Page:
ADAMS: When they hear the call to post, the start crew heads out along the track to the gate. Some of them spend time between the races playing cards in a small building on the backside. The crew members wear khaki jeans, white polo shirts and green protective vests. All 12 have duties for every race, no matter how many entries. Scott Jordan calls out the assignments.

JORDAN: Steve, the one; Jim Bob, the two; Jody, the three; Caleb, the six; Pinky, the four; Brett, the seven.

ADAMS: The starter goes to his spot in the infield, just by the rail. He stands on a high metal platform a few yards ahead of the gate. He waits for the horses to settle, listens for his crew.

JORDAN: No noise is good news because the guys, they'll tell me if something's wrong. They'll holler a no, no, or hold up a minute, boss; my rider's not tied on, or - you have to have good communication with your guys.

ADAMS: Scott Jordan has an electric button in his right hand. When the horses seem right, and he's happy, it's time to race.

(SOUNDBITE OF BELL)

ADAMS: For the Kentucky Derby, Scott Jordan brings in 14 more crew - it's a 20-horse field. An extra section of starting gate will be in place. Jordan can't see all the horses at once.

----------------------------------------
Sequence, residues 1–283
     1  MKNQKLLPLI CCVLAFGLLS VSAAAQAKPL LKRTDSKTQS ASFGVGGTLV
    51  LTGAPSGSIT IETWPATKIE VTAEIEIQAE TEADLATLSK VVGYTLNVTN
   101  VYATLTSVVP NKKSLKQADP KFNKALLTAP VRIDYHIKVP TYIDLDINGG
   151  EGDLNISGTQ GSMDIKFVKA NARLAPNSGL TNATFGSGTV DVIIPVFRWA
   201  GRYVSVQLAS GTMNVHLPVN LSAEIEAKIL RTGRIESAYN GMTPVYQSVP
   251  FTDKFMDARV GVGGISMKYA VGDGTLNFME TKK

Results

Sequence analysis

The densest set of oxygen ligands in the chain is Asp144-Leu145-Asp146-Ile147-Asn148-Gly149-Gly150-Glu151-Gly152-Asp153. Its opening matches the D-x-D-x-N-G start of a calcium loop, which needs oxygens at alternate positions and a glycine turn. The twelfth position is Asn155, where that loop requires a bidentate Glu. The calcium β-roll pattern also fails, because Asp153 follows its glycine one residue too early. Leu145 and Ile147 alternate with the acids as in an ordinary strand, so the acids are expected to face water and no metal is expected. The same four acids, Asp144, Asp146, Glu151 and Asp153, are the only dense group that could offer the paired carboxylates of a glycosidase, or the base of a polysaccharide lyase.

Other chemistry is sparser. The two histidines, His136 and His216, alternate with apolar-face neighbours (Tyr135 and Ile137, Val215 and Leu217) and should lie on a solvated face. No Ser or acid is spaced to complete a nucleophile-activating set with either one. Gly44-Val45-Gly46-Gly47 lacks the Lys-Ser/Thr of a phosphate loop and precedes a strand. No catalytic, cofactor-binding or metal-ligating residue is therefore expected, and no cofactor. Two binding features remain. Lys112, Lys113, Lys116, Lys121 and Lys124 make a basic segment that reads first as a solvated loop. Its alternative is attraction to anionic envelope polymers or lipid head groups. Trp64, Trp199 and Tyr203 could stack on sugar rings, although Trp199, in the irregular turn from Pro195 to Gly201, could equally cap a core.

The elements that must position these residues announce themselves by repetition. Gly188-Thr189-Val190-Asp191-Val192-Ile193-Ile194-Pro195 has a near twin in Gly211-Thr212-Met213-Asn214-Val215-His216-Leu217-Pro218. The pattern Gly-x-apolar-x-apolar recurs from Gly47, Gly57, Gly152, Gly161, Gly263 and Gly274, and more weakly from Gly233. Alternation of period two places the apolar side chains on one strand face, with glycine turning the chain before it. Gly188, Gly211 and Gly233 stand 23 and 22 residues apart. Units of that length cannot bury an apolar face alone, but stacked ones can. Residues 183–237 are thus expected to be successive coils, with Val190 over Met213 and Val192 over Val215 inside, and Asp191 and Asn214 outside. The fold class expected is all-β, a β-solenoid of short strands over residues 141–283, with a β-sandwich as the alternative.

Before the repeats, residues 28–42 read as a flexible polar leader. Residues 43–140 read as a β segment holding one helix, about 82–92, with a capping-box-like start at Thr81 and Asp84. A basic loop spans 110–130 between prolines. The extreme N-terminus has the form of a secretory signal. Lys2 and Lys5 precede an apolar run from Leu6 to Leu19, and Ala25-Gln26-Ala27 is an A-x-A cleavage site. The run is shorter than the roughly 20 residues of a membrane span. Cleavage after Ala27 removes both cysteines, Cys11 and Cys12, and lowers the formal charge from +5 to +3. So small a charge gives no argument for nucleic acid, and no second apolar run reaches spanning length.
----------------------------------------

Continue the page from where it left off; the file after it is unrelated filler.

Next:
JORDAN: Everybody says I'm a little quick, but the longer you leave them standing there the more something could happen. If everything's good, I'm going as quick as I can. The outside guy, who is Stacy Luce, he looks over the horses. He' s my eyes back there. He looks over all the horses before he comes in with that outside horse. They're usually all good or he wouldn't come in. So, I know I've got a, you know, good chance in getting a start soon as he comes in and gets his horse settled.

ADAMS: And that's the moment for a deep breath for about 170,000 fans at Churchill Downs and millions listening and watching around the world - all waiting for Scott Jordan to push the button that opens the gate, rings the bells, and starts the Kentucky Derby. Noah Adams, NPR News. Transcript provided by NPR, Copyright NPR.